I have always been interested in colors and how they affect people. This is especially important when assigning corporate colors, or picking a color theme for a website or app. I found this interesting article from the California Department of Education that was based on findings about colors and how they affect learning.
See full article here
Color overlay: 80% of dyslexic children had increased reading comprehension when a blue or gray overlay was placed on the page.
Shades of blue can actually slow down one’s heart rate; hence “cardiac blue” is often used in hospitals.
Shades of red can actually increase one’s heart rate, and too much red can be downright distracting.
The use of black and white as a color scheme may lower IQ or make children more “dull”.
The careful use of bold colors such as red or orange may increase IQ by as much as 12 points.
In general, cool hues such as blue, are relaxing. Blue windows and walls were often used to help soothe mental patients who are delirious.
Green is often associated with fertility, including “fertile thinking,” as in creativity.
Children start out liking yellow as infants but seem to grow less and less fond of it as they mature.
The international “ranking of color preference” is blue, red, green, violet, orange, yellow.
Though the international color ranking holds true (almost) across cultures, a few ethnic groups placed red or orange closer to the front, probably in response to ancient customs or practices involving color.
Color and light have medical, therapeutic implications, hence the use of phototherapy units of blue lights to treat newborns with jaundice, or the use of white light to treat patients with depression because of “winter blues”.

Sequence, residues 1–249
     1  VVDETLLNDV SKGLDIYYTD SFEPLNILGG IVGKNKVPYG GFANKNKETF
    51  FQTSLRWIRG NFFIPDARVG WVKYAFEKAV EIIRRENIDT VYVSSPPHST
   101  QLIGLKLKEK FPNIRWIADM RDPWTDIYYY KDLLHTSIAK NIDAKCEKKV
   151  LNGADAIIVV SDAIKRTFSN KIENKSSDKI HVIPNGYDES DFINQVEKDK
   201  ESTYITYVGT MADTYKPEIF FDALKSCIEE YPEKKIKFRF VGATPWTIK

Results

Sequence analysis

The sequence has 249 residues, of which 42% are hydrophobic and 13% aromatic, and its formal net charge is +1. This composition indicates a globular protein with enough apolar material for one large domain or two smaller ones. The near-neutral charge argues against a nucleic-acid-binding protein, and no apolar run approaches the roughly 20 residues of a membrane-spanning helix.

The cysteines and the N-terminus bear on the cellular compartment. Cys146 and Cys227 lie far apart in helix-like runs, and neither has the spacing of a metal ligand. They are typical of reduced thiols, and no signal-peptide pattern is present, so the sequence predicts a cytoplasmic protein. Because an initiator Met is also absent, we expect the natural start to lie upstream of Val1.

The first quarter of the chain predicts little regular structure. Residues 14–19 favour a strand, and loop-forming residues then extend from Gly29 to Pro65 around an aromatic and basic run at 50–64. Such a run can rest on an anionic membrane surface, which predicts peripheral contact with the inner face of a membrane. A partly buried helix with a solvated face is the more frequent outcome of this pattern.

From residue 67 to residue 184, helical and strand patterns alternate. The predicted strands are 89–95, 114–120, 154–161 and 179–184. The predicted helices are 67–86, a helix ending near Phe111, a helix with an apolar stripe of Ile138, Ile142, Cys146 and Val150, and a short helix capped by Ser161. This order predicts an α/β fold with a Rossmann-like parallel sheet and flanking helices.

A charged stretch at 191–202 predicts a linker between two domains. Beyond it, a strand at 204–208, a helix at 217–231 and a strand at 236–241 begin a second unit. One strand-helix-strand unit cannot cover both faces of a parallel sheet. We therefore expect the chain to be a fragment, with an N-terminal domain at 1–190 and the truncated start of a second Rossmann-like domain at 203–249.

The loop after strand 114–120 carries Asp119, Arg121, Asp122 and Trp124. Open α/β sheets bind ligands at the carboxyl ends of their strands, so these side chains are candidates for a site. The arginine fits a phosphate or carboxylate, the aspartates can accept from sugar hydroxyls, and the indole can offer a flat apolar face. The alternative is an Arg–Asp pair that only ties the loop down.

Small children have a natural preference for ‘luminous’ colors such as red, orange, yellow and pink.”
Brown, black and gray are seldom chosen by children, except to outline. Excessive use of these colors has become an indicator of fear or defiance in their emotional lives.
Bold colors, such as orange, red and shades of lemony yellow demand attention.
Research shows that an occasional bold stroke of red or orange attracts the learner’s attention to details.
Here is the abbreviated findings regarding color and color therapy
One thought on “How your color choice can affect people”
I typed in Jennifersmith.com for the heck of it while drinking my morning coffee. Of course, came across someone brilliant. ;o) I’m a teacher, appreciate the tip about the gray/blue overlay for kids with dyslexia. Very interesting!
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